(CNSNews.com) - Although up to 60 percent of U.S. combat troops think overturning the law that bars homosexuals from serving in the military will affect “unit cohesion,” those concerns do not pose a ‘insurmountable barrier’ to repealing the statute, Defense Secretary Robert Gates told a Senate panel on Dec. 2.
This week, the Pentagon released a study on the effect of repealing Title 10, U.S. Code Subsection 654, which is the law that bans homosexuals from serving in the armed forces. The study is based on a survey sent to members of the military.
The law was signed by President Bill Clinton in 1993. ("Don't Ask, Don't Tell" is a separate Clinton policy directive established in December 1993, as CNSNews.com has previously reported.)
In his testimony on Wednesday before the Senate Armed Forces Committee, Gates said, “The survey data showed that a higher proportion – between 40 and 60 percent – of those troops serving in predominantly all-male combat specialties – mostly Army and Marines, but including special operations formations of the Navy and the Air Force – predicted a negative effect on unit cohesion from repealing the current law.”
He later added, “In my view, the concerns of combat troops as expressed in the survey do not present an insurmountable barrier to a successful repeal of ‘Don’t Ask Don’t Tell.’
“This can be done, and it should be done, without posing a serious risk to military readiness,” said Gates. “However, these findings do lead me to conclude that an abundance of care and preparation is required if we are to avoid a disruptive – and potentially dangerous – impact on the performance of those who are serving at the tip of the spear in
Gates mentioned that as a result of the 40 to 60 percent of combat troops expressing concern about repealing the law, the military service chiefs are not upbeat about changing the statue.
“The uniformed service chiefs are less sanguine than the working group about the level of risk of repeal with regard to combat readiness,” said the defense secretary. “The chiefs will have the opportunity to provide their expert military advice to the Congress tomorrow, as they have to me and to the president. Their perspective deserves serious attention and consideration, as it reflects the judgment of decades of experience and the sentiment of many senior officers.”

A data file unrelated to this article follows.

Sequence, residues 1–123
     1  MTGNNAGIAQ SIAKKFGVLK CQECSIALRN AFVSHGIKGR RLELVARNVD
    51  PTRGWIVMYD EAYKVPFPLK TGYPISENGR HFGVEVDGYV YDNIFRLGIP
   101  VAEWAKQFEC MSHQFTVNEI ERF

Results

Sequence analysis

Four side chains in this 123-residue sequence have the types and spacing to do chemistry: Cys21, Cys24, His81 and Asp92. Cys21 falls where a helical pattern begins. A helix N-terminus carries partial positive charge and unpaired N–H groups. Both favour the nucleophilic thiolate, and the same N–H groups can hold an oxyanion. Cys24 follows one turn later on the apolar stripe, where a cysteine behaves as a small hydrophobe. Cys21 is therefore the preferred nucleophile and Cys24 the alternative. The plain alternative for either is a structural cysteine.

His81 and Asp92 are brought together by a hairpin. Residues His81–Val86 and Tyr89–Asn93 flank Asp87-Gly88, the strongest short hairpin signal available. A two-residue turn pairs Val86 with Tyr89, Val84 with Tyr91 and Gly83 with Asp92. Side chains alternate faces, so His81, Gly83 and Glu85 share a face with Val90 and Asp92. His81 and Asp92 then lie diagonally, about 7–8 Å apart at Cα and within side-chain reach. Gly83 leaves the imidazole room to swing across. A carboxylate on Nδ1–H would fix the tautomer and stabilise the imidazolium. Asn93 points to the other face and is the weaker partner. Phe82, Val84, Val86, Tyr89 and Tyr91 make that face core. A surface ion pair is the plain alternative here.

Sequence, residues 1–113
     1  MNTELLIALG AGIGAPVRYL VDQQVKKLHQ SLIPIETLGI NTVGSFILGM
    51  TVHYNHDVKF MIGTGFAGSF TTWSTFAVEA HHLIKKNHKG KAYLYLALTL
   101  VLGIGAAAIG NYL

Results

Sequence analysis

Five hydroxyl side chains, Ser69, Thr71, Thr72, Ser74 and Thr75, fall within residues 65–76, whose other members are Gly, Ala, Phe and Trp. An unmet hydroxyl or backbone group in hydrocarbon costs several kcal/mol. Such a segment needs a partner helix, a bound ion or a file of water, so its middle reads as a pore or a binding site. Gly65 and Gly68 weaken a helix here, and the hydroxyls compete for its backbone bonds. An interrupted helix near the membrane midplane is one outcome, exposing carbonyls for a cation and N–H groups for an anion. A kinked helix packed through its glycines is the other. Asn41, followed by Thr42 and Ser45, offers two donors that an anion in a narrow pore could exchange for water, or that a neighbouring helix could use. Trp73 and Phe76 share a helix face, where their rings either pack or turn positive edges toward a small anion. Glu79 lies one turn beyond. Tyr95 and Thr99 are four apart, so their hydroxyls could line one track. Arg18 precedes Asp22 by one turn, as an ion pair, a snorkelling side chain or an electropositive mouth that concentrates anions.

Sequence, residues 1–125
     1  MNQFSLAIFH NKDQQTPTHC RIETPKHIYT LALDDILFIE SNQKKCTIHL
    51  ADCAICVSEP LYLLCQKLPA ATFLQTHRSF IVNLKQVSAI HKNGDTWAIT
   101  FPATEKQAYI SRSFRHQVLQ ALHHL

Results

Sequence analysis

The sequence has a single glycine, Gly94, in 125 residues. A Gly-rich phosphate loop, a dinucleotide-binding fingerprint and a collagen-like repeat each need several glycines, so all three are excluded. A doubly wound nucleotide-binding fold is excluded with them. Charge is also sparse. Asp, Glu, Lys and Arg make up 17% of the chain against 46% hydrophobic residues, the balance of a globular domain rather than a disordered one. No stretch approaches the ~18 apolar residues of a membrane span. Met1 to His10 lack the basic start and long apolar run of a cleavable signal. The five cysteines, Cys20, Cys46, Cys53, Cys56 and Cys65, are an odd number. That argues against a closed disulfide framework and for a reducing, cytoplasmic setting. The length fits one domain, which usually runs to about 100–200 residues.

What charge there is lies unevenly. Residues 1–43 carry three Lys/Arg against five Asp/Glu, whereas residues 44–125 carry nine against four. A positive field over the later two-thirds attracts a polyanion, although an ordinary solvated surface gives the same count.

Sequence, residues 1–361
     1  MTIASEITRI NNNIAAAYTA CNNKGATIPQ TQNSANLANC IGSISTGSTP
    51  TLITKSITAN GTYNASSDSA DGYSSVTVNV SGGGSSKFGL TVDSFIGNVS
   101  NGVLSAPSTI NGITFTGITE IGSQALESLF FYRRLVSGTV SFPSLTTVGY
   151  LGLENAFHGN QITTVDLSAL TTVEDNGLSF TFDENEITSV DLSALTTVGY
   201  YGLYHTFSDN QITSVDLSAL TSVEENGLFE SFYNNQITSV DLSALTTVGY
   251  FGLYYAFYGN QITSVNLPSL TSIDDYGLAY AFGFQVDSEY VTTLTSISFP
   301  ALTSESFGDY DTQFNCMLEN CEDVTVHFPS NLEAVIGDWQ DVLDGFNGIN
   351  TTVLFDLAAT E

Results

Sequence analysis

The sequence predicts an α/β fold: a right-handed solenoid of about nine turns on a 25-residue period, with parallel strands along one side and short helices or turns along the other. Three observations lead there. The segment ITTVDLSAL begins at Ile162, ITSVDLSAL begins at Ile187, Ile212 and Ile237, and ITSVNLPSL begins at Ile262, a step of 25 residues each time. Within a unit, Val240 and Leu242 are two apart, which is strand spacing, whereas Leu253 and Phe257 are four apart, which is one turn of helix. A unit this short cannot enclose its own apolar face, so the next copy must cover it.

Sen. John McCain (R-Ariz.), the ranking member of the Senate panel that held the hearing and who is opposed to repealing the law, questioned Gates about his reaction to the combat troops’ response as described in the Pentagon study.
Gates told McCain, “What I believe is that with proper time or preparation or training, whether it’s before deployments or after deployments, however it works out, if we are allowed to do this on our terms, I believe that those concerns can be mitigated.”
Gates went on to indicate that the combat troops’ response to repealing the law stems from their lack of experience serving in the military with homosexuals.
“I couldn’t disagree more,” responded McCain, adding that if they are mature enough to go into combat, they are mature enough to “make a judgment on who they want to serve with and the impact on their battle effectiveness.”
Despite the Pentagon survey results about combat troops’ apprehension towards repealing the law that prohibits homosexuals from serving in the military, Admiral Mullen said, “Repeal of the law will not prove an unacceptable risk to military readiness. Unit cohesion will not suffer if our units are well-led. And families will not encourage their loved ones to leave the service in droves.”
“I do not discount for a moment the findings in the Johnson-Ham survey which indicate resistance to repeal by those in the combat arms and irregular warfare communities,” he said. “I do not find these concerns trivial or inconsequential.”
“Nor do I believe we can afford to ignore them,” said Mullen. “Given that this reluctance arises from the ranks of the very troops upon which much of the burden of these wars has fallen, we would do well to pay heed and to move forward in a deliberate and measured manner.”
In the survey, members of the military were not directly asked for their opinion on repealing the law. Critics of the survey were disconcerted by this fact.
“I think in effect doing a referendum of the members of the armed forces on a policy matter is very dangerous,” Gates told Sen. Roger Wicker (R-Miss.) when he asked why the Pentagon survey failed to include a direct question about whether the law should be changed.
In response to a similar question by Sen. McCain, Adm. Mullen said, “I fundamentally, sir, think it’s an incredibly bad precedent to ask them to essentially vote on a policy.”
“This is not voting, sir,” McCain told Mullen. “You’re asking their views.”
Mullen then said he disagreed with the idea of asking military members for their views on the policy that bans gays from openly serving in the military.